CMOS 16 in the News

September 1, 2010
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The reviews are in, and they’re all raves! One day after the official publication date of The Chicago Manual of Style, 16th edition, the Chicago Tribune weighed in with a feature-length story about the new edition and the readers who love it. Steve Johnson, the Tribune‘s pop culture critic, writes:

Bound, famously, in orange and thicker with each new edition, the 104-year-old reference classic has kept watch over the publication of hundreds of great books and thousands of not-so-great ones, an arbiter and aide-de-camp for editors trying to decide how to handle items in a list, punctuation within quotes or, these days, the proper hexadecimal code for the German double low-9 quotation mark (201E, as you probably suspected).

The Tribune article also quotes Wendy McClure, an author and editor at Albert Whitman & Company: “I love that big, crazy, orange book.… It’s what I’ve turned to when I’m unsure about something when I’m proofreading. But also, when you have your first publishing job and are trying to figure out how this all works, you’ve got this whole big book you can plunge into.”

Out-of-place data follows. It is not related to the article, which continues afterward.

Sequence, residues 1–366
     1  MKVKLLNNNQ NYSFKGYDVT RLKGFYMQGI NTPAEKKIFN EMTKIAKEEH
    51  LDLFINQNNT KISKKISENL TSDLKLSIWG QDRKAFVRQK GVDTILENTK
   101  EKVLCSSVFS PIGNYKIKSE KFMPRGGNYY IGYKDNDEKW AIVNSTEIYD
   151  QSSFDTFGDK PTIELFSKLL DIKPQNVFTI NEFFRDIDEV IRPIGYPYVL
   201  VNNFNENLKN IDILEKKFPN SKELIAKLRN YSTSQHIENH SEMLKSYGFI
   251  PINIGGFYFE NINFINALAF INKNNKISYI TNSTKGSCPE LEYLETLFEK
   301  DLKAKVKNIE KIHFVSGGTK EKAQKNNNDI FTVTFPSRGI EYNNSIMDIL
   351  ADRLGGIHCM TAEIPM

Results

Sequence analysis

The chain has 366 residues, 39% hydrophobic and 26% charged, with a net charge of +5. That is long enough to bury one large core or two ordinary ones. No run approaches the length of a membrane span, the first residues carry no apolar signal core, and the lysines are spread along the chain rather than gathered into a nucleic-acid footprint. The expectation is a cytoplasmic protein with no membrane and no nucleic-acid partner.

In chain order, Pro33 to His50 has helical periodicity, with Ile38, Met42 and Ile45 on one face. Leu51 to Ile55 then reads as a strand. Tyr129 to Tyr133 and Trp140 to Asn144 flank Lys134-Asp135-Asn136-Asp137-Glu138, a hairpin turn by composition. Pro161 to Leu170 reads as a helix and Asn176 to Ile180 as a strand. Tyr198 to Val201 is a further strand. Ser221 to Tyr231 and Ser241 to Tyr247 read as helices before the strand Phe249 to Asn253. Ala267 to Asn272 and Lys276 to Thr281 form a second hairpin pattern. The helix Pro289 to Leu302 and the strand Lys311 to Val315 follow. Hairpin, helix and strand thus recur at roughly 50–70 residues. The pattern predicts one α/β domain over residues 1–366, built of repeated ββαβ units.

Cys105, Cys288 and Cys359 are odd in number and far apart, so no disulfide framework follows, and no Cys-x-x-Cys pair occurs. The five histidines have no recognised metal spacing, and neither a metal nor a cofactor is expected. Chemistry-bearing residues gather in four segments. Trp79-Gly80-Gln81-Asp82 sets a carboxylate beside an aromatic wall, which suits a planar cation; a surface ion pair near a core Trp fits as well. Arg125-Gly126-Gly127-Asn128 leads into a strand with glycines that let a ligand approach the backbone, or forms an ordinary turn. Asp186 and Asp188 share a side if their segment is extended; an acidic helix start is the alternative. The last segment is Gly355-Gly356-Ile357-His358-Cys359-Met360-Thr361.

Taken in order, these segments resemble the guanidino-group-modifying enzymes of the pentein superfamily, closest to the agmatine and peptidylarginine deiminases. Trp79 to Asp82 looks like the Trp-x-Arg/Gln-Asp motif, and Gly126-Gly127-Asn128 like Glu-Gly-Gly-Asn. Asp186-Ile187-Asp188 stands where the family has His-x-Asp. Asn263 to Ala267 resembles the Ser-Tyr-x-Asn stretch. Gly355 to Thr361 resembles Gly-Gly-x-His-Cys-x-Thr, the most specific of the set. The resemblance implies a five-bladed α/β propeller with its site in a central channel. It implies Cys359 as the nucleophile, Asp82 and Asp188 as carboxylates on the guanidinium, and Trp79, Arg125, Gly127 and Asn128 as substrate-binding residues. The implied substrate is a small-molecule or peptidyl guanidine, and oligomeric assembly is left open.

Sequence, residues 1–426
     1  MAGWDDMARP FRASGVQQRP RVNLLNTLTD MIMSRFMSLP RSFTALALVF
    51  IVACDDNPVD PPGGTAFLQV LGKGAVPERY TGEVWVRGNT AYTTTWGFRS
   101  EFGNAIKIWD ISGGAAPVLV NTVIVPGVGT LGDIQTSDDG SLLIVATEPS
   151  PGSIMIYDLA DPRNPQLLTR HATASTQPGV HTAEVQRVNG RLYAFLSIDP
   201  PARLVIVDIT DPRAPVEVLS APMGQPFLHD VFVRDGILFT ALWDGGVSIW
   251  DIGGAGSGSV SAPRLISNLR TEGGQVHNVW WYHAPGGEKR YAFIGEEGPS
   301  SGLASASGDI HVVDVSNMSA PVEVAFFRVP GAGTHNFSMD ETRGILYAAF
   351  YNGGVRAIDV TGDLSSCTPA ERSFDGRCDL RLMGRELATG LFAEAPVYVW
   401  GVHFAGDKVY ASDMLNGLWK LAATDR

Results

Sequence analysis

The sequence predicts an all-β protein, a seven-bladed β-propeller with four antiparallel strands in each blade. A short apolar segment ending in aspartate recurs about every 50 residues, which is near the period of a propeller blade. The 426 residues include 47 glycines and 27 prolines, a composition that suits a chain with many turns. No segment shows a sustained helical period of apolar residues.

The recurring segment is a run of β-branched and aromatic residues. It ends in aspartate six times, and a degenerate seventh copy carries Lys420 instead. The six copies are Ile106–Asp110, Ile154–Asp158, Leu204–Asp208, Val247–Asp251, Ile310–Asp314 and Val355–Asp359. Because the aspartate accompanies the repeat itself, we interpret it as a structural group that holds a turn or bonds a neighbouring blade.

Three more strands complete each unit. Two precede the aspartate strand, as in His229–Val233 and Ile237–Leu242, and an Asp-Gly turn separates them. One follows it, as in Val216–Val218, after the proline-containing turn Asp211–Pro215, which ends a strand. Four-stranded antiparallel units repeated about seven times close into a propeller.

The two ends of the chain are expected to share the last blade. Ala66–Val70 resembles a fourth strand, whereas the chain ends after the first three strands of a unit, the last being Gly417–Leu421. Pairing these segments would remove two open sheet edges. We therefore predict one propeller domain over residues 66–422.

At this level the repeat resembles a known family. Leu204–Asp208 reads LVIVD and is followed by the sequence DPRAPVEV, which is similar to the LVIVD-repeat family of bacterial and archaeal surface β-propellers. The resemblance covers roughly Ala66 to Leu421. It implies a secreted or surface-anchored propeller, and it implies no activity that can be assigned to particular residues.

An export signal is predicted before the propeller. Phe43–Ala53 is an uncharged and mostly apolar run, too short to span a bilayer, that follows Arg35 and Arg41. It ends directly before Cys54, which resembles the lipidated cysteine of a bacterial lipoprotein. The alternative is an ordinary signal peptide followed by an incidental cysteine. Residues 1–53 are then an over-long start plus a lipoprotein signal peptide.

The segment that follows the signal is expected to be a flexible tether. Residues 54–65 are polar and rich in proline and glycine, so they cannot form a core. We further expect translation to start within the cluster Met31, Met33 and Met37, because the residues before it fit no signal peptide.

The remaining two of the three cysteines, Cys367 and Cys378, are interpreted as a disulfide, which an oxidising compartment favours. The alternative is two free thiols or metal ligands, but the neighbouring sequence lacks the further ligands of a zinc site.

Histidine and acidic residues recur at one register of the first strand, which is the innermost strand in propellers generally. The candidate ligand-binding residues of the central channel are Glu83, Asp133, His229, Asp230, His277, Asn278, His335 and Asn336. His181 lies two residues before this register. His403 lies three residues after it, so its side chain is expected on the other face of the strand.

The New York Times Paper Cuts blog chimed in with a “usage geek’s” take on what’s new in the sixteenth edition:

The new edition’s press materials come with a 19-point bulleted list of what’s fresh, including an electronic-editing checklist, all sorts of guidelines for e-publishing (XML workflow, anyone?), and—here’s where they had me—a whole new section on parallel structure! (Swoon.) The book contains an “expanded section on bias-free language,” which in this cultural moment I might have titled the “wishful thinking” section. And it promises “firmer rules and clearer recommendations,” which was striking, considering the seemingly inexorable trend away from firmness in matters of grammar and usage, especially online. What exactly does “firmer” mean? (Visions of subversive copy editors wielding chains and bullwhips dance in my head.)

Finally, the Glendale News-Press (of Glendale, CA) highlights their favorite changes from the Manual‘s newest iteration.
The Chicago Manual of Style, 16th edition, is available in print and online.

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